Thursday, July 23, 2015

More on the Resurgence of U.S. Grant

Huffington Post has a little feature on the rising reputation of U.S. Grant as both a general and a president. A new generation of historians blames his bad reputation squarely on southern racists:
Grant's critics were "determined the Civil War would be interpreted from the point of view of the Confederacy," said John F. Marszalek, a historian and executive director of the Ulysses S. Grant Association. "The idea that Grant would do things that would ensure citizenship rights for blacks was just awful and so he had to be knocked down."

Grant's "presidency was basically seen as corrupt, and it took place during Reconstruction, which was seen as basically the lowest point of American history," said Eric Foner, a civil war historian at Columbia University. "Whatever Grant did to protect former slaves was naïveté or worse." . . .

"We now view Reconstruction ... as something that should have succeeded in securing equality for African-Americans, and we see Grant as supportive of that effort and doing as much as any person could do to try to secure that within realm of political reality," said Brooks Simpson, a historian at Arizona State University. "We see him as on the right side of history."
Between 2000 and 2009 Grant jumped 10 places in C-SPAN's ranking of U.S. presidents, which is based on a survey of historians; he now sits at 23rd.


David said...

It seems to me that the way the Civil War was understood in the US during the first 2/3 to 3/4 of the twentieth century is one of the great counter-examples to the idea that it's the victors who write the history. For several generations, it was the defeated who shaped Americans' understanding of that war.

G. Verloren said...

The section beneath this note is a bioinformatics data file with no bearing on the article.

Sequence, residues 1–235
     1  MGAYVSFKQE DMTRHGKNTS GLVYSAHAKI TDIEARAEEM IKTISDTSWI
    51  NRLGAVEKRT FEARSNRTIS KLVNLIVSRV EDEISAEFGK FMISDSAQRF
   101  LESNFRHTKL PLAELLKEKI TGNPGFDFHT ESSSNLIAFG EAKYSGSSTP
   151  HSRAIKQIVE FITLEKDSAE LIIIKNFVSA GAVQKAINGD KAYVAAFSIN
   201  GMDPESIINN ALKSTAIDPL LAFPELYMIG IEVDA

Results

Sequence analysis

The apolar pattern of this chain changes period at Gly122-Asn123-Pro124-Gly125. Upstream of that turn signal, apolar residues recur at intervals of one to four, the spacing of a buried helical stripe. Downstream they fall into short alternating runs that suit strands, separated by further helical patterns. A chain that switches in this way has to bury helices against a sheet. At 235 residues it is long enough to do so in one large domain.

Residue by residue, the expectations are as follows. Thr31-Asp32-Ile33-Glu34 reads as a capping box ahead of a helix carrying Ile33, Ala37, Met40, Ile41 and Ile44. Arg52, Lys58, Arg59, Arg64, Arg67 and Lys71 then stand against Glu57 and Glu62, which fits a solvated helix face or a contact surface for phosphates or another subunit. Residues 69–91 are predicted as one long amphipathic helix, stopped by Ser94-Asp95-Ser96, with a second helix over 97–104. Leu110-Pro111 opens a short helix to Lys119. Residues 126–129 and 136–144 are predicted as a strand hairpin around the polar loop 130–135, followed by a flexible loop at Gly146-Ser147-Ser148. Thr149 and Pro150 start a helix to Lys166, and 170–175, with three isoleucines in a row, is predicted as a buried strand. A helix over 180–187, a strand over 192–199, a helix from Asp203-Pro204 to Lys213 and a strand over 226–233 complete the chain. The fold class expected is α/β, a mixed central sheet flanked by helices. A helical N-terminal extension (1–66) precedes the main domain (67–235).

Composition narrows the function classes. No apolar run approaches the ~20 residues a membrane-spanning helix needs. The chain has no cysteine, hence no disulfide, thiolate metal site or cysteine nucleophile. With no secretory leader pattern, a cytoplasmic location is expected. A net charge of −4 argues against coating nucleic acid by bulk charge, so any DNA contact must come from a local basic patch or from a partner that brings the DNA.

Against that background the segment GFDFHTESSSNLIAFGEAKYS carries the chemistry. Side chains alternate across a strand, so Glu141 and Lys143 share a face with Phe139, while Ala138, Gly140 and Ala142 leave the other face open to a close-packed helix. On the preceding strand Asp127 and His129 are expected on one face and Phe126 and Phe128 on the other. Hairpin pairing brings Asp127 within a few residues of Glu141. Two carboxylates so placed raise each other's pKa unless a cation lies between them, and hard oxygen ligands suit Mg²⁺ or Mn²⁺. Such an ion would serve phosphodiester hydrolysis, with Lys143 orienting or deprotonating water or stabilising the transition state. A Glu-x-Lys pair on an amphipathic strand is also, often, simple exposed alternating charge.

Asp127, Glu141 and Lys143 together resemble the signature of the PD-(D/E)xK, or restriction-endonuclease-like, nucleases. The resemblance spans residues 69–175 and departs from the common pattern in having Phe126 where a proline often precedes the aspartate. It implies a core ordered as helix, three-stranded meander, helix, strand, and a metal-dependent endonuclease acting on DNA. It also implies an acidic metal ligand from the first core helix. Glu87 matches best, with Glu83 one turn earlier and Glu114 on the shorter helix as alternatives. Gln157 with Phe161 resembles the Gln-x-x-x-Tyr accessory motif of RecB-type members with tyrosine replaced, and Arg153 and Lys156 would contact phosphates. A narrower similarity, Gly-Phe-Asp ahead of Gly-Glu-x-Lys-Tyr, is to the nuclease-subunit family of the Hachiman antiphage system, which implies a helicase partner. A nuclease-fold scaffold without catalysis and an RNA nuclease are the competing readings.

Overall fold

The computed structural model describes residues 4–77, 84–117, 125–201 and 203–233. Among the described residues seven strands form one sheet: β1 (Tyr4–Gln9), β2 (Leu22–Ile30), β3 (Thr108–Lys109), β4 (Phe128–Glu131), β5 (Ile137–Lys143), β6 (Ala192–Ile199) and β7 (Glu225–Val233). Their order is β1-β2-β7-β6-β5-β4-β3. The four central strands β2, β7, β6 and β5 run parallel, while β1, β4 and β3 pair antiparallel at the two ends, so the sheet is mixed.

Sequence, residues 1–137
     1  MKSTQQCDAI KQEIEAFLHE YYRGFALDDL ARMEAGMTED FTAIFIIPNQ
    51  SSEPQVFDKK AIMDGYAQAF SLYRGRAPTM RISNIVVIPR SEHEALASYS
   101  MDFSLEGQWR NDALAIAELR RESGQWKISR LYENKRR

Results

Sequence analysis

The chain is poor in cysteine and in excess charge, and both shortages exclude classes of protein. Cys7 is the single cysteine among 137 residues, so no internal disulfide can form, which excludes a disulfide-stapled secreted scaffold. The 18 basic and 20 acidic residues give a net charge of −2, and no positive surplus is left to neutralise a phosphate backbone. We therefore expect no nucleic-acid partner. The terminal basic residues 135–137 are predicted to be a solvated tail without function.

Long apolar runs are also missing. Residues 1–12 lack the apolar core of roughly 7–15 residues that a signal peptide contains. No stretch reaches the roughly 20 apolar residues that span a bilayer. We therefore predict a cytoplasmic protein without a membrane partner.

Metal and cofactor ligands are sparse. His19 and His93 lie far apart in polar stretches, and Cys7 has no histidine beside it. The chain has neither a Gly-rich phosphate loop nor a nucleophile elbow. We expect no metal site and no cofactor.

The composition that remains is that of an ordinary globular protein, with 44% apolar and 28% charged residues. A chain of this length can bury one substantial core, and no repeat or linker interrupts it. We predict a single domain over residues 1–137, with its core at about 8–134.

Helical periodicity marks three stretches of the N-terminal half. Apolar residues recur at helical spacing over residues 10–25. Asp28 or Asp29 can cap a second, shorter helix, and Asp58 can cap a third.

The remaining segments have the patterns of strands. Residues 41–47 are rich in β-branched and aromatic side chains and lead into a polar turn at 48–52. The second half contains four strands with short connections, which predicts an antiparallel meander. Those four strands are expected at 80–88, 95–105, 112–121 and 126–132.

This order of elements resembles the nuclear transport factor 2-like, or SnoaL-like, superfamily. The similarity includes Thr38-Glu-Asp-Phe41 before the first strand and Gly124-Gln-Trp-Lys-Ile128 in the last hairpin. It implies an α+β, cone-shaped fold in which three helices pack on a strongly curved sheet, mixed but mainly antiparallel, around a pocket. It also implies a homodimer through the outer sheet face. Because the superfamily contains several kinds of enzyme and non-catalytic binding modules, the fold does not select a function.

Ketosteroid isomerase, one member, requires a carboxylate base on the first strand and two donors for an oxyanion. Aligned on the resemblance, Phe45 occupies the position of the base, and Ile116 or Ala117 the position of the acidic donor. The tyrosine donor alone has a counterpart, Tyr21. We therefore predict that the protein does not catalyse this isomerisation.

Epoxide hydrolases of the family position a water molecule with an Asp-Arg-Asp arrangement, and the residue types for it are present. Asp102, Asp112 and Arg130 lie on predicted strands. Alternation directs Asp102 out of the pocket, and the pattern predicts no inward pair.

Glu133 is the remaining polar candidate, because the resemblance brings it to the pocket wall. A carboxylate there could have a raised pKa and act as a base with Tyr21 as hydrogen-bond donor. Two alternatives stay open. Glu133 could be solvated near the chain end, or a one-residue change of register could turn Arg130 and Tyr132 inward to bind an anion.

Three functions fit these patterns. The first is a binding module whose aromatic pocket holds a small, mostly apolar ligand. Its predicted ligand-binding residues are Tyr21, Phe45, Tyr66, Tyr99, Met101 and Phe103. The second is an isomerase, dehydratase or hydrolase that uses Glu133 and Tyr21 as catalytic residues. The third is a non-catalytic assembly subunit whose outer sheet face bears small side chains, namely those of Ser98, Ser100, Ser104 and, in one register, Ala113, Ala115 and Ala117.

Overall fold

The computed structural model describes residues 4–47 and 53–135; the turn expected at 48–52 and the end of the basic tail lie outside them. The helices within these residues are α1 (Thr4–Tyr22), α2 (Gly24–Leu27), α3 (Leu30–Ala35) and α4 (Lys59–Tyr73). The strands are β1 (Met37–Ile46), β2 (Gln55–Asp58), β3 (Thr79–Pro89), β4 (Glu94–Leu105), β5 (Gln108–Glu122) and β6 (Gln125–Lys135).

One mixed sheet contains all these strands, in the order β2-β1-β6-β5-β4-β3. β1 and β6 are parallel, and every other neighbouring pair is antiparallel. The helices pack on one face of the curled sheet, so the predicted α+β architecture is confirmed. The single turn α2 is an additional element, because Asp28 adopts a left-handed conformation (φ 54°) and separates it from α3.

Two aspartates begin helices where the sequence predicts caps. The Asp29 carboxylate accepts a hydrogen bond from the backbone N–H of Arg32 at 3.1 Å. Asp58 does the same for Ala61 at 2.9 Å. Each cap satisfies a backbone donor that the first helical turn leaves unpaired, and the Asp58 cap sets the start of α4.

I used to dislike Grant - I actually knew little about him, but his reputation for heavy drinking and his stern demeanor predisposed me against him. It was in reading Mark Twain's autobiography that I realized both how ignorant I actually was of the man, and how much I had been negatively assuming in lieu of real knowledge.

I find that Mr. Clemens' opinion commands a great respect from me, and so I was quite moved by his passages on Grant's character and personality. I can't help but wonder if, had Twain not requested his autobiography remain unpublished for a century after his death, might his commentary not have had a profound positive effect on how Grant would be remembered in the 20th century?

Grant's presidency wasn't exactly a glamorous one, nor terribly effective at mending the broken nation - but the man himself turns out to be fascinating figure, deeply flawed yet ultimately good hearted and noble. Such a description seems to apply to a number of the more notable figures of the period, but Grant in particular seems to be the epitome of such a contrast.

I do take heart that the general opinion of Grant seems to be improving so very much - it gives me hope that the same might occur for other figures of that and similar eras. So much of our historical understanding of modern American history seems to originate from the contortions of turn of the century biases - the age of the Robber Barons and Yellow Journalism, with the accepted chronicles of history being written by the loudest and the most ruthless.